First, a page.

ONE OF THE PROPERTIES TAKEN OVER BY DFCU: Former Crane Bank Ntinda branch which DFCU took over and rebranded in its name

Despite a related case in court, the Bank of Uganda has decided to hand Dfcu bank extra 24 months to occupy freehold properties of Meera Investments after the initial 34 months ended.

Sources say the deal to give Dfcu bank extra time was signed by BoU Governor Emmanuel Tumusiime-Mutebile, Deputy Governor Dr Louis Kasekende as well as Head of Legal Margaret Kasule on one side while Dfcu top bosses appended signatures on behalf of the commercial bank.

In October 2016, BoU took over Crane Bank Limited on grounds of undercapitalization, placed it under receivership before transferring it to Dfcu bank in January, 2017. Dfcu bank which received some of the assets and liabilities of CBL would be allowed to operate in different CBL branches whose ownership belonged to Meera Investments, one of companies under Ruparelia Group.

The Chairman of Ruparelia Group Sudhir Ruparelia and Meera Investments in a recent in the application want the recovery, transfer and return of freehold property from CBL in receivership. “…I have been advised by lawyers, Kampala Associated Advocates, which advice I verily believe to be true, that under the Constitution and the Land Act, the Respondent cannot own and hold freehold property and is therefore, not capable of holding the suit property in its names,” the application continues.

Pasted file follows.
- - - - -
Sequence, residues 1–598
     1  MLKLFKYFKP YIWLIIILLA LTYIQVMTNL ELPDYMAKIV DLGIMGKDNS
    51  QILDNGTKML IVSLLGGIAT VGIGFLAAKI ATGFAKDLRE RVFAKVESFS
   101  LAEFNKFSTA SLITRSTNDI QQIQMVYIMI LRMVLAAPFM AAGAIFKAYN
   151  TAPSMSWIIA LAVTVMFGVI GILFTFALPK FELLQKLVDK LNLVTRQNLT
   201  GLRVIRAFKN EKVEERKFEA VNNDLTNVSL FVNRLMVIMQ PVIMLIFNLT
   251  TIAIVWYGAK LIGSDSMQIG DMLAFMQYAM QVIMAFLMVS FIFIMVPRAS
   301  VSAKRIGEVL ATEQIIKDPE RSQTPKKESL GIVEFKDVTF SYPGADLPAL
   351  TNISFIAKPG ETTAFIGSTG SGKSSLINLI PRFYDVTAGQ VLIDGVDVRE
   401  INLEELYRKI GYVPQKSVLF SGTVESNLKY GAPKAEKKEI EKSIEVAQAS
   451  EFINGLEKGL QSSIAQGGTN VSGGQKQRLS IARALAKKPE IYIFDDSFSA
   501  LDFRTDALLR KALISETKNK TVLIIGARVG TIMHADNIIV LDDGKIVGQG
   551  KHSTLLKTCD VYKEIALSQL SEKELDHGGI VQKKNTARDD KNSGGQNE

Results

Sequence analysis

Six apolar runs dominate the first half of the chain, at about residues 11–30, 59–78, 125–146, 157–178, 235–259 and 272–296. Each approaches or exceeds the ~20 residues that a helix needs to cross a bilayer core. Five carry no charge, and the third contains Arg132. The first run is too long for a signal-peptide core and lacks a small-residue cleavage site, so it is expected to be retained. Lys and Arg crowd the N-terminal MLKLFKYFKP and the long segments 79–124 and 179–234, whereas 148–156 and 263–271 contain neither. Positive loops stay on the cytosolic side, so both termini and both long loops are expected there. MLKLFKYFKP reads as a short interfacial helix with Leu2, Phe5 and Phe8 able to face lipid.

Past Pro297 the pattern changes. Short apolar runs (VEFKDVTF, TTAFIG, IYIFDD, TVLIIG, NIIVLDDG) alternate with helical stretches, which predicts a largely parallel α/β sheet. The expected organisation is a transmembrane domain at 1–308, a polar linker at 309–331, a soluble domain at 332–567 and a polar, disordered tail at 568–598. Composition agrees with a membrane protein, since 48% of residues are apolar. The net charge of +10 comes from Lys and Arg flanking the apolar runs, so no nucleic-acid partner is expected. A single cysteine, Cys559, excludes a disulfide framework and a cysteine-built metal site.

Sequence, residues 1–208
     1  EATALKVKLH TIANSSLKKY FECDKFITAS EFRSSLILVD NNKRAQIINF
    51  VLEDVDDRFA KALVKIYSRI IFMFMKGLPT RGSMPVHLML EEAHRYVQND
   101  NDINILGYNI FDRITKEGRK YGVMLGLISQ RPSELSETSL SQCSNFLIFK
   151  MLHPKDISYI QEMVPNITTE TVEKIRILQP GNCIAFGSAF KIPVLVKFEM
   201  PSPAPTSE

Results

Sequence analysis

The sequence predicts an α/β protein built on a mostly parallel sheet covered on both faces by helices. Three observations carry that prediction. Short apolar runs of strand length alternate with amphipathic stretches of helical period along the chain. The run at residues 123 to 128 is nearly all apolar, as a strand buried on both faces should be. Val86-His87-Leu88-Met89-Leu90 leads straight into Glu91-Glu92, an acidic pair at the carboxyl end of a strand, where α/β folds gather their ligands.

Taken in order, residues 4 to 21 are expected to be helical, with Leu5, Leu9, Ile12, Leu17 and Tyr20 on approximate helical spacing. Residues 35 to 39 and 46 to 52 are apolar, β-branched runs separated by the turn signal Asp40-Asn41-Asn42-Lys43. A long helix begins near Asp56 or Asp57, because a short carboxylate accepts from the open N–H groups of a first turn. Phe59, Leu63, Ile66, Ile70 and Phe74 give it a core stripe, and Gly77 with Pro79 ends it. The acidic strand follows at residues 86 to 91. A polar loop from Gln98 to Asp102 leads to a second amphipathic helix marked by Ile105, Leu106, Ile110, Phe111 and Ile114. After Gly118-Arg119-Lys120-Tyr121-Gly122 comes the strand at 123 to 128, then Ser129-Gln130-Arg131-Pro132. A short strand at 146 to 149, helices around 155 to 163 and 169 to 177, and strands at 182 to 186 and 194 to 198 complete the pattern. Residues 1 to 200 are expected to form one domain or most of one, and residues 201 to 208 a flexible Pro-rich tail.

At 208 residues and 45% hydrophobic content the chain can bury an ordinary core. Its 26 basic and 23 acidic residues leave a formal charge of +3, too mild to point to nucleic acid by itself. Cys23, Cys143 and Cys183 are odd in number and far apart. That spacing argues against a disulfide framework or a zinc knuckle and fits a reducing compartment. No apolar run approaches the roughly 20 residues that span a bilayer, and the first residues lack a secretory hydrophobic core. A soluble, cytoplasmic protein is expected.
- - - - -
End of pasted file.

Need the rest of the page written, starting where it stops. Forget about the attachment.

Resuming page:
Between 2012 and 2016, Meera Investments leased the 46 properties to now defunct CBL on different terms with the leases being duly registered as encumbrances on Meera’s freehold and mailo interest.

The lease titles were subsequently processed and issued to CBL which agreed to pay US$6,000 as ground rent for each of the properties effective on or before the January 1, of every year to the property owners (Meera Investments).

However, when BoU handed over CBL to Dfcu bank, which was the new tenant, it moved to take over the 46 properties, without the consent of the owners Meera Investments.

Through a subsequent search at the relevant land registries, Meera Investments discovered that; without it’s prior written consent, Dfcu bank in addition to taking possession of the suit properties, caused the leasehold interest to be transferred into its names and had been registered thereon as the proprietor of the leasehold interest.

They add that at the execution of the transfers in favour of Dfcu and at the time of causing the transfer of the leasehold interest into the names of Dfcu, the registration of Meera as the proprietor of the freehold and mailo was and is still intact.

Meera says Dfcu was aware of this fact or could have ascertained by way of a simple search.